There can be no argument that tribes have been historically unable to influence projects that affect them and the land they hold sacred so this feels like just yet another land grab against native people in the USA that will marginalize them and hurt their lives. Sarah Krakoff, a professor at the University of Colorado specializing in American Indian Law and Natural Resources Law, says, “Sometimes what the agencies think of as adequate and with all good intentions do not feel adequate from the tribal side. Either because the process isn’t meaningful to them, it doesn’t accord with their timeframe or decision frame.”

Even when participatory decision-making is emphasized, the actions taken that are supposed to provide ways for lots of different people to influence what’s happening can be just for show; any community activist can tell a story about meticulously capturing the input of a group through a variety of listening exercises, only to have all that feedback utterly ignored in the final plans. I don’t know that this happened in the case of the Dakota Access Pipeline, but I’ve seen it happen overseas in my own humanitarian agency work; it’s infuriating.

And even well-done participatory decision-making isn’t always enough to keep protests at bay: until 2016, the ongoing consultative processes regarding the Malheur National Wildlife Refuge between local people, including ranchers, birders, outdoor enthusiasts, environmentalists, tribal members and others was considered a model for other communities. But that process, including a landmark 2013 agreement, didn’t stop people from far outside the area from using guns and force to invade the refuge, occupy it and cause many thousands of dollars in damage, including to private property and tribal lands.10, 11

On a related note, social media posts the Dakota Access Pipeline are often tagged with #NoDAPL, and slackervism / slactivism abounds, with people posting memes in support of the the Standing Rock Sioux Tribe, or adjusting their Facebook page to show they are at the Standing Rock Indian Reservation when they actually aren’t.12 It’s supposed to somehow create support for the tribe and to confuse law enforcement authorities regarding who is at Standing Rock and who isn’t, but Snopes points out that there’s no record that such has helped at all, including in attracting more “material assistance.”13

Since I’m really not fond of slacktivism, here are ways to REALLY help re: #NoDAPL without leaving your house or coffee shop or wherever you are with Internet and phone access :

(1) Call North Dakota governor Jack Dalrymple at 701-328-2200, leaving a RESPECTFUL, firm message on this subject (I find writing out the statement & reading from it helps me).

(2) Call the White House at (202) 456-1111 or (202) 456-1414 & tell President Obama to rescind the Army Corps of Engineers’ Permit for the Dakota Access Pipeline.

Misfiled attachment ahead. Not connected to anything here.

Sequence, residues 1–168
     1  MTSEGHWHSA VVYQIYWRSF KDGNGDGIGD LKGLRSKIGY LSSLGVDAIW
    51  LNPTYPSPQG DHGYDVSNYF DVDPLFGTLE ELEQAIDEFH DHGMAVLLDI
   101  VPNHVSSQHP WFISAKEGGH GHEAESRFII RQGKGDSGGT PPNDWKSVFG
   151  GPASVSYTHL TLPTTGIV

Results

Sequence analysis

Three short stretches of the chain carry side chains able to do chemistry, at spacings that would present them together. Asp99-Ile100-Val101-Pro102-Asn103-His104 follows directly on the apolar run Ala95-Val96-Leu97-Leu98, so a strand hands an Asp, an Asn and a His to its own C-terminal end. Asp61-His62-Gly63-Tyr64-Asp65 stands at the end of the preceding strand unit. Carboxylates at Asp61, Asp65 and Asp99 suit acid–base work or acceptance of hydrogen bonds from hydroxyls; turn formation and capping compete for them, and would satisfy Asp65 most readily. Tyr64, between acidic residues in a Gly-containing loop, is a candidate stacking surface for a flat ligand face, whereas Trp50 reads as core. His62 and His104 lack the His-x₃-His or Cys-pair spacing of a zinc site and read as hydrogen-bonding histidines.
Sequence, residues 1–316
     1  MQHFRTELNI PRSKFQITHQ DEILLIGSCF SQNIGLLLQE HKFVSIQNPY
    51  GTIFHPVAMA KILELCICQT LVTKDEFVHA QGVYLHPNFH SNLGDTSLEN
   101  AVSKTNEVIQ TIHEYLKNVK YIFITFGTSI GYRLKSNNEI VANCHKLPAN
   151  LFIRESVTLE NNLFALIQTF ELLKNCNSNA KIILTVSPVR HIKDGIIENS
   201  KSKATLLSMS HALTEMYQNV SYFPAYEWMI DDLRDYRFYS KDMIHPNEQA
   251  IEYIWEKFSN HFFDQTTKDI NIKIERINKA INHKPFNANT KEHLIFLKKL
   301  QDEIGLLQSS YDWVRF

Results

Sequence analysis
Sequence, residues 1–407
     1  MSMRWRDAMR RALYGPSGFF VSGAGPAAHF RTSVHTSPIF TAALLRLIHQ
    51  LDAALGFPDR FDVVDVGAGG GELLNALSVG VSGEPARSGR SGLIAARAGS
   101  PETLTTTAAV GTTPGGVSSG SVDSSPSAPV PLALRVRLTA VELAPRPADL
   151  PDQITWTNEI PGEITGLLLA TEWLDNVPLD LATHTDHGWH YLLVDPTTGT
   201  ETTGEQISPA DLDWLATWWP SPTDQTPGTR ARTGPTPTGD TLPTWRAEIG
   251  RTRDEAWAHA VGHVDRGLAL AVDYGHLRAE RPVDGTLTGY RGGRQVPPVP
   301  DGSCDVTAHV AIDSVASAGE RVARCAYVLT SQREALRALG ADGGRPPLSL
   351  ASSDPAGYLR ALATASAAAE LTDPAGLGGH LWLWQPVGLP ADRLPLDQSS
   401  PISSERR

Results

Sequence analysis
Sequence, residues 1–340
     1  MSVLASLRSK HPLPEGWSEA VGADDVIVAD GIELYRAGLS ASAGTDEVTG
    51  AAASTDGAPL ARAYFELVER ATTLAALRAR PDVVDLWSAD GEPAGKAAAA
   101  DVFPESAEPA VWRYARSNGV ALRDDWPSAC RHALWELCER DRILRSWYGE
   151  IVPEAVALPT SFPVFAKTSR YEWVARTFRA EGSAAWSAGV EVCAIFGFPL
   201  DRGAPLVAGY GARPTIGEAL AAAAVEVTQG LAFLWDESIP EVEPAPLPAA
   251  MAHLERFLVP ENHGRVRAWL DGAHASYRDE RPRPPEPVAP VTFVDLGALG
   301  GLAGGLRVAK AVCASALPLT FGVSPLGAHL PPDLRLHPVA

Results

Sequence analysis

(3) Sign the petition at petitions.whitehouse.gov

(4) Contact the executives of Energy Transfer Partners that are building the pipeline:

Lee Hanse, Executive Vice President
Telephone: (210) 403-6455 or email: Lee.Hanse@energytransfer.com

Glenn Emery, Vice President
Telephone: (210) 403-6762 or email: Glenn.Emery@energytransfer.com

Also see:

Sources:

  1. Oil workers and oil communities: counterplanning from the commons in Nigeria, Terisa E. Turner 1997
  2. LEFT BEHIND; As Oil Riches Flow, Poor Village Cries Out, New York Times
  3. Wallonia rejects EU ultimatum over Canada free trade deal, EuroNews
  4. Portland City Council approves police contract amid unruly protest, Oregon Live
  5. Why protesters are mad about the police contract, Oregon Live
  6. What to Know About the Dakota Access Pipeline Protests, Time
  7. Tribal Consultation At Heart Of Pipeline Fight, insideenergy.org
  8. Guidance for Implementing E.O. 13175, “Consultation and Coordination with Indian Tribal Governments” , whitehouse.gov
  9. The violent Dakota Access Pipeline protest raged for hours — until this tribal elder stepped in, Seattle Times
  10. Audubon Society of Portland Statement on the Occupation of Malheur National Wildlife Refuge
  11. Beyond the Oregon Protests: The Search for Common Ground, Environment 360, Yale University
  12. Standing Rock Facebook Check-in, CNN
  13. Facebook check-in at Standing Rock, Snopes

papers on cyberactivism by women in Iran & Azerbaijan

angryjayneIf you are interested in digital engagement or human rights advocacy anywhere, it’s worth your time to read the following papers. In addition, both concern women’s engagement and feminism specifically. The most exciting things happening regarding cyber activism, in my opinion, are happening in countries outside North America and Western Europe, particularly in countries where freedom of expression is not assured by law nor practice.

(1) Women’s voices: The journey towards cyberfeminism in Iran, by Mansoureh Shojaee, Part of the International Institute of Social Studies of Erasmus University Working Paper Series.